Rating: 5 stars
I love when people recommend books to me. Regardless of the length of my to-do list, or the hunger level of my children, it suddenly becomes my mission in life to find that book and review it. And so it was with Marshall Armstrong is New to Our School. An old coworker/pal of mine (we used to sell furniture together, and now we read picture books to our babies miles apart) found it and thought it special, and I totally agree!
The pint-sized kid in the front row has news for us: Marshall Armstrong is new to his school. He is quick to point out (and the talented David Mackintosh is quick to illustrate, literally and figuratively) all the differences:
- His school supplies are different--much more elaborate and fancy.
- His face is different--his skin redder and pastier, his eyes always focused on teacher.
- His arm is different--more mosquito-bite food-like.
- His lunch is different--it is wrapped in silver packages like space food.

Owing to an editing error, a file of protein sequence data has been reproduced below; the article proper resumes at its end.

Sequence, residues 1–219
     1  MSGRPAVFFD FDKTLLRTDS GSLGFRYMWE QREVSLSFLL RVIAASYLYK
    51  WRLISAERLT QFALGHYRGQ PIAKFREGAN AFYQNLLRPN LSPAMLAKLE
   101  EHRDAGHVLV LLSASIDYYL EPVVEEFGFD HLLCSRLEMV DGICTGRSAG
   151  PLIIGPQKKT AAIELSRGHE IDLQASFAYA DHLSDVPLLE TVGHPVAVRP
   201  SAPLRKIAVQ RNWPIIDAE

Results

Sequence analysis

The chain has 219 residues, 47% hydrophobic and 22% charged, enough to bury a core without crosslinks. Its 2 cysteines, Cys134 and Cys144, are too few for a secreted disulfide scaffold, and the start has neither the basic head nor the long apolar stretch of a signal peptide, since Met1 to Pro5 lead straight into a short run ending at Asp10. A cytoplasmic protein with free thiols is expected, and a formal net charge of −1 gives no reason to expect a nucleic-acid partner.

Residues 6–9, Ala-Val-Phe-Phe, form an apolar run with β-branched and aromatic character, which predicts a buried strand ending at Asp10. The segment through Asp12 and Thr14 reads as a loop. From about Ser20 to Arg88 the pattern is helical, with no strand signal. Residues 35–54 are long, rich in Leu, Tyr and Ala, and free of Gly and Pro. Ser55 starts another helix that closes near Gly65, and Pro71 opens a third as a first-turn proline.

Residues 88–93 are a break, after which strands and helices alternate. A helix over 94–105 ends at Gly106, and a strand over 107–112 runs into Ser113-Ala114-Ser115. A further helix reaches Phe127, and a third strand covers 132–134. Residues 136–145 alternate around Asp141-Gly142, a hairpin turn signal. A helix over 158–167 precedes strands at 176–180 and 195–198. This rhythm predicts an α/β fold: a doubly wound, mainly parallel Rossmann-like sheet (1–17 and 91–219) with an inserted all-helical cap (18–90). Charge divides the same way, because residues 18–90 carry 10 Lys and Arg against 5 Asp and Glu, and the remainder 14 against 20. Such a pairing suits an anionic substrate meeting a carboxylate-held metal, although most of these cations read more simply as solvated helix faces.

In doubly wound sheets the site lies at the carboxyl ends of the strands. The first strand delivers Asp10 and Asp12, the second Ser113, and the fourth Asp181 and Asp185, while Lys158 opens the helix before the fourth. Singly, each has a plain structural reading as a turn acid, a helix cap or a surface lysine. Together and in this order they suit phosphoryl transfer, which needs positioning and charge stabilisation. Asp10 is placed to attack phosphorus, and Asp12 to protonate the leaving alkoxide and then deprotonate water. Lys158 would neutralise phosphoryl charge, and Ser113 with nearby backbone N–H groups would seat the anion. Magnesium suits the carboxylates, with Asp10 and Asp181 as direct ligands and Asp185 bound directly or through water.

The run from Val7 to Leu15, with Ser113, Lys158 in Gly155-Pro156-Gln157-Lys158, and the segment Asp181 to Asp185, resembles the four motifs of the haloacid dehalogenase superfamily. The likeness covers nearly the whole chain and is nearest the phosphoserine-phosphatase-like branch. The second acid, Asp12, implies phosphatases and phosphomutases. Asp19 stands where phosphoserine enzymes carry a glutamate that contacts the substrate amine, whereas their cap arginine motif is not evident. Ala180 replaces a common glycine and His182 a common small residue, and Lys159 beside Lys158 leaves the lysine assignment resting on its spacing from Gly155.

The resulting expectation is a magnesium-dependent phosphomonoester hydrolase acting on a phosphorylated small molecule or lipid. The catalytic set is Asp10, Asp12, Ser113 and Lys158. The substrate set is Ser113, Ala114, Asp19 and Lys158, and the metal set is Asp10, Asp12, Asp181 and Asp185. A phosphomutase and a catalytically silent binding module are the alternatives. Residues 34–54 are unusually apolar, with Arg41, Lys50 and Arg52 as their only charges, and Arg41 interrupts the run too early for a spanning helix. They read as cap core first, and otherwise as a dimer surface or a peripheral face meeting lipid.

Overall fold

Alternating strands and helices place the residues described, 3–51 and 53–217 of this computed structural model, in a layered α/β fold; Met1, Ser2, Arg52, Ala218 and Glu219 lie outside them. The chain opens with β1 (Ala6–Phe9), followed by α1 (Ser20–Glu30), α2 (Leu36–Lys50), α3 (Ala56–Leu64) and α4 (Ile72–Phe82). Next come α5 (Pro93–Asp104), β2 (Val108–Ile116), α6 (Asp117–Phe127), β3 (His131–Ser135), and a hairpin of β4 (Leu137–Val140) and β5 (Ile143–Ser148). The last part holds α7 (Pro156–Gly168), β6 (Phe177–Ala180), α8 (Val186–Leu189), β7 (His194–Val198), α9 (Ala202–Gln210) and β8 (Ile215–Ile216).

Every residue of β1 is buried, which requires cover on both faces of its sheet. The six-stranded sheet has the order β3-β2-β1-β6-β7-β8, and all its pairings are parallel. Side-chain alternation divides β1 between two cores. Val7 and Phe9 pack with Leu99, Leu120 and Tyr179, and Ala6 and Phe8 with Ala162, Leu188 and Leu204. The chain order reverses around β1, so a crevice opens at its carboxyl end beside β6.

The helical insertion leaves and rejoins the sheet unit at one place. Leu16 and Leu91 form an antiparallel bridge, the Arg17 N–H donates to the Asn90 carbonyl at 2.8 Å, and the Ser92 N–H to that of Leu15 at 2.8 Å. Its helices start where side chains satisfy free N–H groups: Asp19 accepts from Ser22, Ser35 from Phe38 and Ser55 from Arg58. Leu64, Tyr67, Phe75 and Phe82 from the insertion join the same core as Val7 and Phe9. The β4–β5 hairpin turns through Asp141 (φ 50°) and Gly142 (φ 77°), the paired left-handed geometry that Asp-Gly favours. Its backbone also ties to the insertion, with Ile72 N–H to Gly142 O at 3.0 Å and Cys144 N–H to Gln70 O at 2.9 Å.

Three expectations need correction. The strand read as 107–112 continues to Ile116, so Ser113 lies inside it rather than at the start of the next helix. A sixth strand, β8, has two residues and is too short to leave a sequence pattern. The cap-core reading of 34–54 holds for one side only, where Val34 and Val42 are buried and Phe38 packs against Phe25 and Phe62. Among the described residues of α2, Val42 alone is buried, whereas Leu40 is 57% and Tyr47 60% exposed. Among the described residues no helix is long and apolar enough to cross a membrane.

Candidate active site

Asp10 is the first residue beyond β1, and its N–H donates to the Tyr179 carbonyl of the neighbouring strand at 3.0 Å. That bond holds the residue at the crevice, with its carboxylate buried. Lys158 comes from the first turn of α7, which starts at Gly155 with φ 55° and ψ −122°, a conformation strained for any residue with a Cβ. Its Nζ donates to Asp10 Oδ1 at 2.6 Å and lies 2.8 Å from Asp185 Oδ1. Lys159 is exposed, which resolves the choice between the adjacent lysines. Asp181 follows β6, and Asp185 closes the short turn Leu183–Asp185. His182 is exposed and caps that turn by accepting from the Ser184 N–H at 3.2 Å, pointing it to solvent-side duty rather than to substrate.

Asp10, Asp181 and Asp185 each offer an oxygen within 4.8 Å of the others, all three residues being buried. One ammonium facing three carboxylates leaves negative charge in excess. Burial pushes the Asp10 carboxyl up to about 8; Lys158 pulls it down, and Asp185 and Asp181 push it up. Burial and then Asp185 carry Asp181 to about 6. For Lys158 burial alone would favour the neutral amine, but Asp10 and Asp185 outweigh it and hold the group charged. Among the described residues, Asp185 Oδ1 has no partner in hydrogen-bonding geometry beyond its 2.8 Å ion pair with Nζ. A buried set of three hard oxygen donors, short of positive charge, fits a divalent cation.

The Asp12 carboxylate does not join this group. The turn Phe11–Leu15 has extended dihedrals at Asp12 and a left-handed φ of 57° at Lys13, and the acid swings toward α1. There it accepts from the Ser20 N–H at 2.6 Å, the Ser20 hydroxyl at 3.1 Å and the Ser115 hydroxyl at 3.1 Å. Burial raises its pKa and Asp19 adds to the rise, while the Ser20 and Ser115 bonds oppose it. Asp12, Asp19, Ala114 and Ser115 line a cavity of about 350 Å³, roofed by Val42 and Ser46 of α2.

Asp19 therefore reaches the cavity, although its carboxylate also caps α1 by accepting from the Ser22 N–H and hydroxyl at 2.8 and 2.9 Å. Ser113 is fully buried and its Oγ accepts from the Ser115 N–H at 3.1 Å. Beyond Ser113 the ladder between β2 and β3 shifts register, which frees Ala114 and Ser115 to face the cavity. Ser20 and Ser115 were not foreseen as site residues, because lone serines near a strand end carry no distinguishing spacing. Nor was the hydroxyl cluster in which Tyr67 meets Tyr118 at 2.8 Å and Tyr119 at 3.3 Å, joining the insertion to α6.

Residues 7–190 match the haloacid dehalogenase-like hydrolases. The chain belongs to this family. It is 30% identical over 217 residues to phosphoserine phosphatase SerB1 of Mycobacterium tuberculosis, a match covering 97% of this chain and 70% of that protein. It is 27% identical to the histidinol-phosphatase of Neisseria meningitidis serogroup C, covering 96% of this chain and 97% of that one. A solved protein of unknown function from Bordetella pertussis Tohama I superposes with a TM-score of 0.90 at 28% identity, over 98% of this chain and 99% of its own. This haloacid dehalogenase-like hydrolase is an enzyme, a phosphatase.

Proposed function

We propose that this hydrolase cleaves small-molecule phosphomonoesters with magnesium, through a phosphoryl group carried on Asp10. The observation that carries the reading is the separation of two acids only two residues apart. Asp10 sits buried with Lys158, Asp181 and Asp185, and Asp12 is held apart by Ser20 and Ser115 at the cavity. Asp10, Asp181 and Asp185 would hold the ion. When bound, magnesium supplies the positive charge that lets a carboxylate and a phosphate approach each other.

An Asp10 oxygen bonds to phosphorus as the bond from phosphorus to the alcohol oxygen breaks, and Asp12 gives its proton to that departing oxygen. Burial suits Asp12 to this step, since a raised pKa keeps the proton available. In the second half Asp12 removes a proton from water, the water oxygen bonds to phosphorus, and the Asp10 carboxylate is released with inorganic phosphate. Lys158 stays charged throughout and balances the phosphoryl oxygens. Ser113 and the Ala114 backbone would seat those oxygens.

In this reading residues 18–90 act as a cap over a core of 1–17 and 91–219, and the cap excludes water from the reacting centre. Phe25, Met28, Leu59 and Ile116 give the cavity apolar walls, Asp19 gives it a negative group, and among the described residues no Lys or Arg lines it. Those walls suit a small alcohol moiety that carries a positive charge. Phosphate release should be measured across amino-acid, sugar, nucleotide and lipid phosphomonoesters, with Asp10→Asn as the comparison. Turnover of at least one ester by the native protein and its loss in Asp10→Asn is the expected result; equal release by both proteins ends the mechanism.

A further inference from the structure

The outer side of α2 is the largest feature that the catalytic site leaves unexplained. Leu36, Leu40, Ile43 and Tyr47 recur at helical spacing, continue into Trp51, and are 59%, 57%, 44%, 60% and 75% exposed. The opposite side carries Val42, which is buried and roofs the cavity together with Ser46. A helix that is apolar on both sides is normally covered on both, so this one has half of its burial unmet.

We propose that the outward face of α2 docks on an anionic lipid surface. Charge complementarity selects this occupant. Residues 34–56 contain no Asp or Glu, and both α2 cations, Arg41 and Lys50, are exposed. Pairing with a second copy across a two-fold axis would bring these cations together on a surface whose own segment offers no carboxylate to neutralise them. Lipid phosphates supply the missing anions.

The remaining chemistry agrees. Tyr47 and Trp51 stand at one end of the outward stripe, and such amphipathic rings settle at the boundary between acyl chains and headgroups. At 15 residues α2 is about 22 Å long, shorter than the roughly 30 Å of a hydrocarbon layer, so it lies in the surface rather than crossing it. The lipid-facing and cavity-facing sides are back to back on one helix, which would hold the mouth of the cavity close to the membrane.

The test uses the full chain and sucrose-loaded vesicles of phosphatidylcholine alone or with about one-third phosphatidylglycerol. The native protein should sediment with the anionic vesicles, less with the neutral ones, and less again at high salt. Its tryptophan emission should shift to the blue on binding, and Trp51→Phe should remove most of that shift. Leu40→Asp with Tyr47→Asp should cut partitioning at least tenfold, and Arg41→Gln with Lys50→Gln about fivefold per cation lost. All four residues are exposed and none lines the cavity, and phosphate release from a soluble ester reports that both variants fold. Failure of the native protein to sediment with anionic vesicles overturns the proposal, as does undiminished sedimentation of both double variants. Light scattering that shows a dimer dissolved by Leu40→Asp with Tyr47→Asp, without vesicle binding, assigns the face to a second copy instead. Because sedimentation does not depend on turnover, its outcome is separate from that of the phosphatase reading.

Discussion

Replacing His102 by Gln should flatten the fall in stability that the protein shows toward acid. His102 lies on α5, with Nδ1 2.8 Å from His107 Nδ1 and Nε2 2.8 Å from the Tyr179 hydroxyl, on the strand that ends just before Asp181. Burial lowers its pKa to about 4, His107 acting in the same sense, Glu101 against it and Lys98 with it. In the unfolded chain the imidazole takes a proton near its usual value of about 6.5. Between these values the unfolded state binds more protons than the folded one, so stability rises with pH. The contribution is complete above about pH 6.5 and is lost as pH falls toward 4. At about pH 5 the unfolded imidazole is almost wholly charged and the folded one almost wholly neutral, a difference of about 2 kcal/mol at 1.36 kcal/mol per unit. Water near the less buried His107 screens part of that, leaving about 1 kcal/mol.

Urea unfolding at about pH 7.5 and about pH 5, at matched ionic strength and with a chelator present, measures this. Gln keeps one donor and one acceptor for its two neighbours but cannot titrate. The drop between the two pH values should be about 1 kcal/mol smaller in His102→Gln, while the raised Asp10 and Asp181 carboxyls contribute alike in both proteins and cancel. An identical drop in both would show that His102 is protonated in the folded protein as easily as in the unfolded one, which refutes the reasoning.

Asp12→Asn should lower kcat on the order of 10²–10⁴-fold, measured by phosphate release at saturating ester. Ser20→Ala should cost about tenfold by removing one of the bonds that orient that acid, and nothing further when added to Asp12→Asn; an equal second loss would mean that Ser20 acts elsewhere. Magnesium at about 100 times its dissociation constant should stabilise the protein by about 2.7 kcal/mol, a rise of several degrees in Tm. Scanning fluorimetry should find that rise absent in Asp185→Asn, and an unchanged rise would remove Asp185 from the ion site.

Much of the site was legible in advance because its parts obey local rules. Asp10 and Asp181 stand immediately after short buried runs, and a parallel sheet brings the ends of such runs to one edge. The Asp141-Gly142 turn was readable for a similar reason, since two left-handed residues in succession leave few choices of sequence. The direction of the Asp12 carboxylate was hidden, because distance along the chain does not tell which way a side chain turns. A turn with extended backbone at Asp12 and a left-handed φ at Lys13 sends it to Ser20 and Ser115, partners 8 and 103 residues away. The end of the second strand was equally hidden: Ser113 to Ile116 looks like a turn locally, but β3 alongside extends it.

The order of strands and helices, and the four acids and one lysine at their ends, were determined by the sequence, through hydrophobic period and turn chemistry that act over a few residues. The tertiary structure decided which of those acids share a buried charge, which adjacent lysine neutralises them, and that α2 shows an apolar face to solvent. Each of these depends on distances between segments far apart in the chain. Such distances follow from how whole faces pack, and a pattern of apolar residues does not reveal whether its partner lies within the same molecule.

- His activity in recess is different--his doctor says reading is enough activity for him.
After all these observations, the young narrator arrives at this conclusion: Marshall Armstrong does not fit in at his school. Not one bit.
|"He looks different to me."|
Yet Marshall Armstrong is having a birthday party, and the narrator's parents are making him go. Sigh. Ugh. Man. The injustice!
And then: the party happens. The house is unique and cool! The party is even unique-er and cool-er! It involves stilts, monkey bars, a train set, a piñata, a bike that runs an electric lightbulb, a microscope, a fireman's pole that goes from the top of the house to the bottom… In other words, a whole slew of neat-o things.
Our young narrator's perspective has, um, changed a little. The next time a new kid arrives at the school, he offers that she sit next to him for the first few days so he can kindly show her around.
Now that this review is done, I guess my kids can eat now...